An active year for digital asset market participants is coming to an end – and new data underpins the degree of change that has occurred in that span of time.
Over the course of 2019, new players emerged and old ones crumbled, and readers of The Block will recall the fall of Circle Trade, Circle's once-mighty cryptocurrency trading operation.
In 2018, the desk facilitated the trading of more than $24 billion worth of digital assets. As one source put it, the firm was in an excellent position: everyone was connected, and it also had some of the best-known talent. Indeed, prior to Circle selling the desk to Kraken earlier this month, the writing was on the wall for its demise.
Daniel Matuszewski, the former head of the unit, resigned in August to start his own firm with Bobby Cho, who previously led DRW's Cumberland division. Matuszewski previously was a vol-arb trader for a Boston-area hedge fund. Beatrice O'Carroll, whose career in sales and relationship management included time at Deutsche Bank and Citigroup, left the firm over the summer. In November, the desk had shrunk to just two traders including Nick Gustafson.
While several ex-employees say Circle Trade's decline was the result of mismanagement, it's hard not to be somewhat sympathetic given the macro backdrop.
Since 2017, trading desks have faced two key headwinds: declining spreads and declining volatility.
Data provided by Skew, a cryptocurrency data provider, shows that 1-year realized volatility for bitcoin decreased from 94.6% in 2017 to 71% in 2019.
One-year realized volatility measures how much an asset has moved over a year-long period. Volatility is part of the life blood for high-speed traders. When it is high, spreads widen, which means traders have a bigger opportunity to make a profit.
Speaking of spreads — the difference between the bid and ask price — they have tightened since 2017. Data from trading firm B2C2, a UK-based crypto electronic trading firm, shows that cryptocurrency trading spreads fell off a cliff in late 2017, and have been approaching zero ever since.
Since February 2018, they've collapsed 90%.
Of course, volatility is just one force weighing down on spreads.
Max Boonen, B2C2's founder, says spread compression has more to do with the willingness of crypto traders to take on more risk.
"For any amount of risk, liquidity providers are now willing to show smaller spreads," Boonen told The Block. "In other words the cost of crypto market risk is lower today."
"That's because (1) the market as a whole is more liquid than in 2017 (more participants with different views and horizons) and (2) better technology and automation lower the cost of risk, even if volumes and participation stagnate," he added.
Circle hasn't been the only victim of spread compression. Galaxy Digital's trading business — which includes over-the-counter trading — accounted for more than 60% of its Q3 net loss of $68.2 million.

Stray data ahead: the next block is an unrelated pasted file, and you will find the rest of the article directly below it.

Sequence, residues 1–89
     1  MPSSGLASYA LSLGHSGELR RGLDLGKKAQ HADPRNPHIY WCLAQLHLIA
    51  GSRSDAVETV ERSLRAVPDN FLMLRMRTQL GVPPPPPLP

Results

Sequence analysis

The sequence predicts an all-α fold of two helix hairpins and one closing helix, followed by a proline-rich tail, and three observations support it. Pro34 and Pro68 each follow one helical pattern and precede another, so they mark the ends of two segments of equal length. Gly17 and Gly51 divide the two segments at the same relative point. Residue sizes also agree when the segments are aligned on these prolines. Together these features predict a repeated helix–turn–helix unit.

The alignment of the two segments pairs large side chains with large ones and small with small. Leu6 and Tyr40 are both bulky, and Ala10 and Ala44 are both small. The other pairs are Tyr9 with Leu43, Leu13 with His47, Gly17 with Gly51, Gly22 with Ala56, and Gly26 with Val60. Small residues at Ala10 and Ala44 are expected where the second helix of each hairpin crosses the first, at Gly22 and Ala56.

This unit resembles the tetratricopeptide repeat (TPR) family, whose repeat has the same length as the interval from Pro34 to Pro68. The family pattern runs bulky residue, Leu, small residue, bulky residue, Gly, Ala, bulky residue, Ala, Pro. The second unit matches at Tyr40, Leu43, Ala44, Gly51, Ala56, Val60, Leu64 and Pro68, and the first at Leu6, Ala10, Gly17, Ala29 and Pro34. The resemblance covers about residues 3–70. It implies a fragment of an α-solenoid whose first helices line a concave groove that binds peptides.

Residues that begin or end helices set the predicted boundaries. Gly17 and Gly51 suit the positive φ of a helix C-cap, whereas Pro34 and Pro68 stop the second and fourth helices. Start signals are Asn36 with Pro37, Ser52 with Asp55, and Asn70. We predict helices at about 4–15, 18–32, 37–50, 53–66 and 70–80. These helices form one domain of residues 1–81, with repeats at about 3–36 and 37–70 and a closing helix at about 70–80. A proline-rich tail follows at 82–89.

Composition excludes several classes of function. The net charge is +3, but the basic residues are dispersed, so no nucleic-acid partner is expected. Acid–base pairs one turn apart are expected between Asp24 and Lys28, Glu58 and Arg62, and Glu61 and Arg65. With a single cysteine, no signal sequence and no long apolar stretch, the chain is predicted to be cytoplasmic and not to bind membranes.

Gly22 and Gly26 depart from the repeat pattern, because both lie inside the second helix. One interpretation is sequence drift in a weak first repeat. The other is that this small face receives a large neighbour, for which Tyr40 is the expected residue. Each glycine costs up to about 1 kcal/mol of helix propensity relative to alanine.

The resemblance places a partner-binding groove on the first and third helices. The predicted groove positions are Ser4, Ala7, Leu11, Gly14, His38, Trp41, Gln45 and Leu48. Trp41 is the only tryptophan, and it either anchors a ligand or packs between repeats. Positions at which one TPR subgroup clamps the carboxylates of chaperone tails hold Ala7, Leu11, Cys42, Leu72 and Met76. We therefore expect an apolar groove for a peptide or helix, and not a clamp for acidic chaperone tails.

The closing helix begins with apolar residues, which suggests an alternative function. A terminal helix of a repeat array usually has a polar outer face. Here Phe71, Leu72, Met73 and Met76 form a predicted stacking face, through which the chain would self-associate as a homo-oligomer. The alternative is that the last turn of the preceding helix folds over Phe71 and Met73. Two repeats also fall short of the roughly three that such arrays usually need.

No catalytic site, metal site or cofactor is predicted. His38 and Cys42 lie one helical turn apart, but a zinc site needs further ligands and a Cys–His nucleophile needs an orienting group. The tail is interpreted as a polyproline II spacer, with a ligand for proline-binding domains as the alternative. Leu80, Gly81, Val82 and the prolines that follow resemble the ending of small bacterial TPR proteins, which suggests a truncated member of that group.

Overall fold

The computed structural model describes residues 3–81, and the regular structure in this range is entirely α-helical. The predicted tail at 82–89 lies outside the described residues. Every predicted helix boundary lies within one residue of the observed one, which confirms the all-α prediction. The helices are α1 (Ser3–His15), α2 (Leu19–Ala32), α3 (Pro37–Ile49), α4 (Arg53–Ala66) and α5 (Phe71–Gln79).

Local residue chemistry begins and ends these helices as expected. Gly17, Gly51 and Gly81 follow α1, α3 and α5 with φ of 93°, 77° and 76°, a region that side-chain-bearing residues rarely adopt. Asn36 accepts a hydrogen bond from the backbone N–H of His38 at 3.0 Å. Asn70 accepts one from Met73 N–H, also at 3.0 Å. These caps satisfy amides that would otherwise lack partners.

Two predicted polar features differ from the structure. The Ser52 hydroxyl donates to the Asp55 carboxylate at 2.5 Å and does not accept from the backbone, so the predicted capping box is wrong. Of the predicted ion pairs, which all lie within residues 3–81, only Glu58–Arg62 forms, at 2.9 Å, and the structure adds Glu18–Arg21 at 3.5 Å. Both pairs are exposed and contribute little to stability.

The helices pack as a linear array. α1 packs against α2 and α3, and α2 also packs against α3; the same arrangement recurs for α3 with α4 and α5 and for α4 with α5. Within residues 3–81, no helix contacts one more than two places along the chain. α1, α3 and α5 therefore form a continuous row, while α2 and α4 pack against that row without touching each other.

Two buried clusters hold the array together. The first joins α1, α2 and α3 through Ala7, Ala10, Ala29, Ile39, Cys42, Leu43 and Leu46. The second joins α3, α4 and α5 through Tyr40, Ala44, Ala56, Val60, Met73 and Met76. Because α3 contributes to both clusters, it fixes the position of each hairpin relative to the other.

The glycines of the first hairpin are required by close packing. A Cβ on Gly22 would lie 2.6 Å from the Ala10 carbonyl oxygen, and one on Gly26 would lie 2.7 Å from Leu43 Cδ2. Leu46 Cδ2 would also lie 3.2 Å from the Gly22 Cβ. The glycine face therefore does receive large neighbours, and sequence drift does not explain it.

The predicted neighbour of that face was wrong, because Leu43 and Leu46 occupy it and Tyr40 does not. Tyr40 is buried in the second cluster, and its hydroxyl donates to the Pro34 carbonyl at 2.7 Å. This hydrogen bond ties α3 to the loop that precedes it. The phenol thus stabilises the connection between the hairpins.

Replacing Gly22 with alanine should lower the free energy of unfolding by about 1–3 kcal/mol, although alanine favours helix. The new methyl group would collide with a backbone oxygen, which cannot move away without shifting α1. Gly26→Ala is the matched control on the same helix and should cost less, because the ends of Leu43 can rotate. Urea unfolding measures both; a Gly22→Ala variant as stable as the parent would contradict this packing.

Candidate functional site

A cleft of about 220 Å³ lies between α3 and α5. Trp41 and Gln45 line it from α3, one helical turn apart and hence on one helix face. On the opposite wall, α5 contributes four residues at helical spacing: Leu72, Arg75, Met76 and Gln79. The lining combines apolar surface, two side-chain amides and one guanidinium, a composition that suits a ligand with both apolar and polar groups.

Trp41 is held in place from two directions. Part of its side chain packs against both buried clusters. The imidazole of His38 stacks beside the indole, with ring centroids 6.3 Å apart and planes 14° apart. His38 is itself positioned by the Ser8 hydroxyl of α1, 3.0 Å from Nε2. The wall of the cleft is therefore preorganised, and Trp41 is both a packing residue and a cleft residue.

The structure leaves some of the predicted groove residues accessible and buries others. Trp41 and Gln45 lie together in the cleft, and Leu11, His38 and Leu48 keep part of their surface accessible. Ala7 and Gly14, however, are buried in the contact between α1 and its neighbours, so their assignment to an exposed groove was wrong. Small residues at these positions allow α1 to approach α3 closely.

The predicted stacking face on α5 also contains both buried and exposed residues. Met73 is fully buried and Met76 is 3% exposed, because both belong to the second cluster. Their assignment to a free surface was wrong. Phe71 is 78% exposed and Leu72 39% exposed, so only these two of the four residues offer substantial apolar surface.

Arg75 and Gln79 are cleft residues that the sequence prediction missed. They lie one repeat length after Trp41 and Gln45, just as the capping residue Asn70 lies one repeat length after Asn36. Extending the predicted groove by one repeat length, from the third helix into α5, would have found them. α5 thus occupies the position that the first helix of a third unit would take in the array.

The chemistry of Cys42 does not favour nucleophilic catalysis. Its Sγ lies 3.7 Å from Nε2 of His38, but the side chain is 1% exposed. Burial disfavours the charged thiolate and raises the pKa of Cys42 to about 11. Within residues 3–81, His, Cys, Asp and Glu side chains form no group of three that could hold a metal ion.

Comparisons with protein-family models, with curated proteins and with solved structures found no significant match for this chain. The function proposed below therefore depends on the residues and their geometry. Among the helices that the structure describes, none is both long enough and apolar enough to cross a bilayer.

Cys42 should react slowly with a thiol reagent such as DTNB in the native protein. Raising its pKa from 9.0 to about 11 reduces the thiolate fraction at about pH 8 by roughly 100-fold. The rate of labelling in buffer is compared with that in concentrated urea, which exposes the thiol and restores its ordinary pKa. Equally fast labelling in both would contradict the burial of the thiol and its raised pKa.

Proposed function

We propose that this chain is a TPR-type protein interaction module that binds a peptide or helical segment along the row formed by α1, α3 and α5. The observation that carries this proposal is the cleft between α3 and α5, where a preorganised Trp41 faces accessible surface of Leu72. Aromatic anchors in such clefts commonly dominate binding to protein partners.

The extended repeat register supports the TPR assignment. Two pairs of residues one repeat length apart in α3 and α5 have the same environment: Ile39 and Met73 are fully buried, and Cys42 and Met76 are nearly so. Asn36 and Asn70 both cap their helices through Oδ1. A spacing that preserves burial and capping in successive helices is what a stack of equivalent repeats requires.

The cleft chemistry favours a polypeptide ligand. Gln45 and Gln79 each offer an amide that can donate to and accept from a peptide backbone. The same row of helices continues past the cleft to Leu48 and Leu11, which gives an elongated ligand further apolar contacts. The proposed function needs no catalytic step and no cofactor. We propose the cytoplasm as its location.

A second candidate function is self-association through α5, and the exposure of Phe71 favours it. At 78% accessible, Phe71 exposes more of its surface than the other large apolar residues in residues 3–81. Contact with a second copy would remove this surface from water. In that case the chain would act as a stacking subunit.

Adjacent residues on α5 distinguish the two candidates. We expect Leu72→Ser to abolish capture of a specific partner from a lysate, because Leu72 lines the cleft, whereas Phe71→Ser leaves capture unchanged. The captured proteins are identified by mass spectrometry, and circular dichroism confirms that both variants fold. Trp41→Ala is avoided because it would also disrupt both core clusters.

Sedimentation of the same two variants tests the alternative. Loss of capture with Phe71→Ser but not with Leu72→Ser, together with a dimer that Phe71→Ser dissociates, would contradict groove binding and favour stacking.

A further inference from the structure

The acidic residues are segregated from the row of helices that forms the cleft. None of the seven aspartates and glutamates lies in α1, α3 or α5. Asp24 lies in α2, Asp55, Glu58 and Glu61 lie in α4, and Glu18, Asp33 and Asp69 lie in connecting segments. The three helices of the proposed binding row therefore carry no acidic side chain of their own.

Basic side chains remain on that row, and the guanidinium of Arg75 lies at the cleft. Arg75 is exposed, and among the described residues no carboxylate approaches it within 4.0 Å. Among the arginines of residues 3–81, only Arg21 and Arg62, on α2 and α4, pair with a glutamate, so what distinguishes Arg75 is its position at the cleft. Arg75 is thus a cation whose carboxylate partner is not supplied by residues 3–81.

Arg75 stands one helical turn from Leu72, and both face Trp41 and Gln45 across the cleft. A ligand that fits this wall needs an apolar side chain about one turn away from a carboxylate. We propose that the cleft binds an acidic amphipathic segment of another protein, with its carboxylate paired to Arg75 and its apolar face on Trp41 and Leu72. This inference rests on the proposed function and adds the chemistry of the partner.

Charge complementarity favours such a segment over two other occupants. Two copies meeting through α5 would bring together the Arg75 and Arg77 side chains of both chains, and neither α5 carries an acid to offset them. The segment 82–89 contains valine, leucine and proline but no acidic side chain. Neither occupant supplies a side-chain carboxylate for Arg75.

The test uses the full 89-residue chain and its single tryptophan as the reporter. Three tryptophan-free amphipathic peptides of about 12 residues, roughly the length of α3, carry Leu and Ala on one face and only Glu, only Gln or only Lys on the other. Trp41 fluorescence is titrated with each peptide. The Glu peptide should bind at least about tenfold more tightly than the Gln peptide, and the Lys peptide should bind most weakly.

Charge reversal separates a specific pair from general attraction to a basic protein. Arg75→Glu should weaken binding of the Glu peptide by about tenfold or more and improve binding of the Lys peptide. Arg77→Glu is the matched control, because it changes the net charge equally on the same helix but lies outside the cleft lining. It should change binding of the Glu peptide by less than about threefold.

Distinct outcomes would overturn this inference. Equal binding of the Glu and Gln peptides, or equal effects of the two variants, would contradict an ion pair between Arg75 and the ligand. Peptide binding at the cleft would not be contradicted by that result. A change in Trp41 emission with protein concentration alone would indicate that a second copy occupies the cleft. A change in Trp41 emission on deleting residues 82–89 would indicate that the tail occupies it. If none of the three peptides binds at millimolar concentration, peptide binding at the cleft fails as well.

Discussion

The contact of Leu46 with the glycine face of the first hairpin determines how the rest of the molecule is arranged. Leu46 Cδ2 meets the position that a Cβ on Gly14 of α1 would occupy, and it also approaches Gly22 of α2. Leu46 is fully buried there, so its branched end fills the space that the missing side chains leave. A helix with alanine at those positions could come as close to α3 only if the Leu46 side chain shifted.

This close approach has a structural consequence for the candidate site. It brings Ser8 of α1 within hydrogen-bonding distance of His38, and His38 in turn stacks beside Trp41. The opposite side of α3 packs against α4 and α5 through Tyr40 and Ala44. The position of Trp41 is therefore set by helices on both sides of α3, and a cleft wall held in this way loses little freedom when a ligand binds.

DRW's Cumberland, which has been quiet in recent months, saw a number of its executives leave the company in 2018, including Cho, Goldman Sachs alum James Radecki, and David Gross, who joined Galaxy as its global head of sales in July.
What's an OTC desk to do?
In a tough market, firms either need to significantly increase their volumes or diversify into new businesses.
Derivatives have emerged as a new opportunity for market participants. Galaxy Digital has been writing options for its counter-parties for several months, as The Block first reported. Indeed, an insider in the crypto derivatives market told The Block that most desks have shifted from proprietary trading to customer-facing business.
"Now everyone is in the business of selling structure products to their clients," the person said.
"I think it's a case of they have no choice," another source remarked. "The space is small. Guys like Cumberland and Jump have invested amounts for market making in a trillion dollar market, but the market is stuck at $200 billion and shrinking."
QCP, an Asia-based firm, is a pioneer in the crypto derivatives market and one that demonstrates a potential path that firms can take. Darius Sit, managing director at QCP, said it offers a service that allows high-networth individuals and family offices to invest in a number of options strategies.
Its so-called covered option strategies allow investors to take advantage of the spread between the price of options and the underlying spot market.
"These strategies are compelling because of structural inefficiencies that exist in the crypto options space," according to a document reviewed by The Block. "In more mature asset classes, options are often priced close to or only slightly above theoretical levels."
The nascent market's inefficiencies offer "a short window of opportunity to earn alpha from this inefficient through covered option strategies," the document noted.
The strategies, according to Sit, yield 3 to 8% a month.
"Of course, depending on the level of aggressiveness," he said.
© 2023 The Block Crypto, Inc. All Rights Reserved. This article is provided for informational purposes only. It is not offered or intended to be used as legal, tax, investment, financial, or other advice.